Korea’s National Pension Service’s (NPS) venture capital portfolio is set to break through the KRW1 trillion (US$840 million) million mark for the first time by end-2021 and up 10% over 2020.
Korean unicorns are increasingly common and NPS is looking to expose itself to venture capital private equity. VC investments so far this year have totalled KRW500 billion (US$420 million), according to the Korea Times.
Overseeing the shift towards VC is Ahn Hyo-joon, who was reappointed CIO for a further year until October 2022, having been appointed to the position on a two-year contract in October 2018. Ahn is already NPS’s longest serving CIO. The move will ensure a modicum of stability and consistency as the fund drives forward its long-term strategy, although longer terms would provide greater incentive to encourage any CIO to lengthen their investment horizons. As CIO, Ahn has stepped up efforts to form partnerships with global GPs and pension funds while pressing ahead with raising the fund’s exposure to alternatives.
Despite the fast-paced deployment of capital, VC is still only roughly 0.1% of the fund’s total AUM of KRW908 trillion (US$778 billion), reflecting its conservative approach to risk.
NPS’s alternatives allocations are also shrinking as a portion of the portfolio, totalling 10.5% of AUM at end-July – down from 13% in 2020. The surge in public equity values is putting the alternatives target of 13.2% by end-2021 and 15.0% by end-2025 increasing out-of-reach. The fund would have to shift more than KRW22 trillion (US$20 billion) from fixed income and public equity into alternatives to meet its short-term targets, a target it is set to miss.
The return on global equity at end-July was 21.1% while domestic equity was 12.8%, eclipsing the returns of 6.8% in alternatives, 5.1% in global fixed income and 0.1% in domestic fixed income.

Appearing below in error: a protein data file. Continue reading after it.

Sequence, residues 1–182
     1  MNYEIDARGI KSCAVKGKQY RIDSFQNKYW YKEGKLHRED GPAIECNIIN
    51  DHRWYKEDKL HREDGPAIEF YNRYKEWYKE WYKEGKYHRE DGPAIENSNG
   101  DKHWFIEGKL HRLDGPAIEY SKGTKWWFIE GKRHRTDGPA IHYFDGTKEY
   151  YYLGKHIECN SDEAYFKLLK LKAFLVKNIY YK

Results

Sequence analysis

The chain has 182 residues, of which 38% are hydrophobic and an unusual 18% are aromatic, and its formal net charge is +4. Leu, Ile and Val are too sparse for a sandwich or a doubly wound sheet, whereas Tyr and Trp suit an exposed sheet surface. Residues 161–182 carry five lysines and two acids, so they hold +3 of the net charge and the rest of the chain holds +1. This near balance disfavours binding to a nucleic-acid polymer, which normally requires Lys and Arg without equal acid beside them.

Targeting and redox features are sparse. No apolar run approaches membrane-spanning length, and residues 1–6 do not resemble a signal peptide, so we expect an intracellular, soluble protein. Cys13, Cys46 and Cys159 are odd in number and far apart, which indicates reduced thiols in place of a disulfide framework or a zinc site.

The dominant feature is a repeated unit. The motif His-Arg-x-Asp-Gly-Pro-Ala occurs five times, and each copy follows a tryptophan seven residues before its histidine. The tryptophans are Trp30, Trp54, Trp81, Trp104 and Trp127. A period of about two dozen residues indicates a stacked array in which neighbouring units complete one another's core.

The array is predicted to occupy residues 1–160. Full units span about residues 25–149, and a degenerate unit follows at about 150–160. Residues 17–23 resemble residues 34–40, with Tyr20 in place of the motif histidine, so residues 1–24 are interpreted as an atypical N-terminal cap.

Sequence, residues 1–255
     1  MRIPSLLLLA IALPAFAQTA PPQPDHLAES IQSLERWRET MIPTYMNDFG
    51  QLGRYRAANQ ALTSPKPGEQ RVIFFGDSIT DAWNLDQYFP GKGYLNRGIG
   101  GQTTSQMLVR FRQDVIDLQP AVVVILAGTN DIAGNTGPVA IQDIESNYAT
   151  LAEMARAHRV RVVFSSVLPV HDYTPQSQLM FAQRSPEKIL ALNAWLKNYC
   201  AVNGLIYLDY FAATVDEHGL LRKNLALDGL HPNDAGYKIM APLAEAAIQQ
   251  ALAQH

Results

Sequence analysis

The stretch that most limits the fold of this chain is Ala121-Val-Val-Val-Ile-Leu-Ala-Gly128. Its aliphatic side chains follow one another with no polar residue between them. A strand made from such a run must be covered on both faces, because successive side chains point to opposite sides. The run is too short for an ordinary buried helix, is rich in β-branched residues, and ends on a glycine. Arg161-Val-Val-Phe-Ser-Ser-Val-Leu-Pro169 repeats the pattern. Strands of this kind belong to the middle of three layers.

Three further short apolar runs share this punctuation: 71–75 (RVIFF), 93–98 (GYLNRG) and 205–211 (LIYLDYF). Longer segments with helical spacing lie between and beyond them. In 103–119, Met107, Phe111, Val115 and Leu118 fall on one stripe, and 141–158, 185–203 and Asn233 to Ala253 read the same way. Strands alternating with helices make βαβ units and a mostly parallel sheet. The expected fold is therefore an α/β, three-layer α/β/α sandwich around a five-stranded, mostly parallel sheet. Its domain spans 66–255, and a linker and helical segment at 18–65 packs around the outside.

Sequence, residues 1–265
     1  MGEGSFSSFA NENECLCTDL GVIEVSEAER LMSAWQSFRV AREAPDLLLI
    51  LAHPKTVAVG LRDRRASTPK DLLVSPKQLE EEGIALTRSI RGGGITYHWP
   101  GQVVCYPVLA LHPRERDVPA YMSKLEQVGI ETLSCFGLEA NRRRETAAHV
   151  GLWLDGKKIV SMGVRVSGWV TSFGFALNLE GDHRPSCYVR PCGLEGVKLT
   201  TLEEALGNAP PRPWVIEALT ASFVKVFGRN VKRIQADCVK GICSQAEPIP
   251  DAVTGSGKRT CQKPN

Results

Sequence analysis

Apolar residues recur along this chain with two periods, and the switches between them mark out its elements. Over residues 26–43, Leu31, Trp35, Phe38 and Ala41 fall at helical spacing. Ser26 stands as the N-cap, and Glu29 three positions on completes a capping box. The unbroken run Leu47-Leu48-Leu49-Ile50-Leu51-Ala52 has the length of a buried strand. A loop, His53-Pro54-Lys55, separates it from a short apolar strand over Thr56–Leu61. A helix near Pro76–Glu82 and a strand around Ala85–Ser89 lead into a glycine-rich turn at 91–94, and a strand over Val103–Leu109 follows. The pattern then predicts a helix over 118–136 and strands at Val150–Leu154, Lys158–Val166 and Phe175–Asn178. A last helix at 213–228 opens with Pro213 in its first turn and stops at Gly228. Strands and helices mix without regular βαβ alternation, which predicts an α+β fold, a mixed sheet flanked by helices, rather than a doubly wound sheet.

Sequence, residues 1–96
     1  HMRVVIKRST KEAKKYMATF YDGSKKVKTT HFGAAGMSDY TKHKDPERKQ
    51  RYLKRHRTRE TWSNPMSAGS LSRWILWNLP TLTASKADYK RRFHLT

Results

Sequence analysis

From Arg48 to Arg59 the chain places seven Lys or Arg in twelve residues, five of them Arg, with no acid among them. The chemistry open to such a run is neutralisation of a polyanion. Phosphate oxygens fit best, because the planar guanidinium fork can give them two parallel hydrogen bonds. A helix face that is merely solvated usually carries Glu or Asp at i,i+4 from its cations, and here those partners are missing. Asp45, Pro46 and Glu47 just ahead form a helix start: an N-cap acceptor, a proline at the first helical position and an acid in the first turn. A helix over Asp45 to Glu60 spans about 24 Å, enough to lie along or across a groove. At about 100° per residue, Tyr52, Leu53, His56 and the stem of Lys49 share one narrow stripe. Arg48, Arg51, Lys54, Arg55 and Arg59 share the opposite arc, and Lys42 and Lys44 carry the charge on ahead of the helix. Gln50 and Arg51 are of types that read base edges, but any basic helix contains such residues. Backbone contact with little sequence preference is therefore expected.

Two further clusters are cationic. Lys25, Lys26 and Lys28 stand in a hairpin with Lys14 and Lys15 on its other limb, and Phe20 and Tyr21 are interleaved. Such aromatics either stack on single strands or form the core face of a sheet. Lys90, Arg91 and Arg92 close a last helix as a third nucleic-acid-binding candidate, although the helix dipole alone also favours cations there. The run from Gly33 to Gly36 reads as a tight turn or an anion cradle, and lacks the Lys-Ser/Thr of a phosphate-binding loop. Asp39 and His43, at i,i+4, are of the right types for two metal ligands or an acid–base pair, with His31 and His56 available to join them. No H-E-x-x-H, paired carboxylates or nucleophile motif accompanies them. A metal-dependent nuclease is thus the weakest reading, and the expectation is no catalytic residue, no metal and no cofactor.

NPS’s strategy allocates capital to private equity funds, which represent 72% of its private equity allocation; the rest is comprised of growth capital (11%), mezzanine and acquisition financing (8%), venture capital (7%) and NPL (3%). Private equity funds chosen by NPS include those run by SkyLake Investment, IMM Investment, LB Investment, and Atinum Investment, which have all multiplied its investment.
This year has seen NPS acquire a major stake in the UK private equity fund BC Partners and allocated US$887 million to co-investments with the fund. The move will help boost NPS’s global deal-sourcing capabilities. In the real estate space, it has recently formed joint investment partnerships with Hines and Stockbridge across a wide range of sectors. Life science offices and logistics properties are also part of its growing real estate exposure via funds managed by Blackstone and GLP. Such relationships can enable a fund to develop insight and skills.
Rather than build up its own internal capacities for VC investment, NPS has focused on seeking out managers who can demonstrate a high yield. The NPS has deployed more than KRW60 trillion (US$51 billion) worth of overseas alternative investments to 160 asset managers, although there is a distinct bias towards real assets over private equity. It is likely those relationships will not diminish any time soon.
According to Korean Times, the fund is planning to select four more venture capital investment firms by November, allocating a total of KRW150 billion (US$128 million), but is also beefing up its VC expertise in its internal advisory investment group.
The learning journey for the Korean pension fund could be longer than anticipated and this casts questions over the desirability of pumping billions into private equity just to chase a target, especially in a fevered market. NPS will not meet its alternatives targets through its current capacities but instead will continue to rely on co-investment partners and external managers.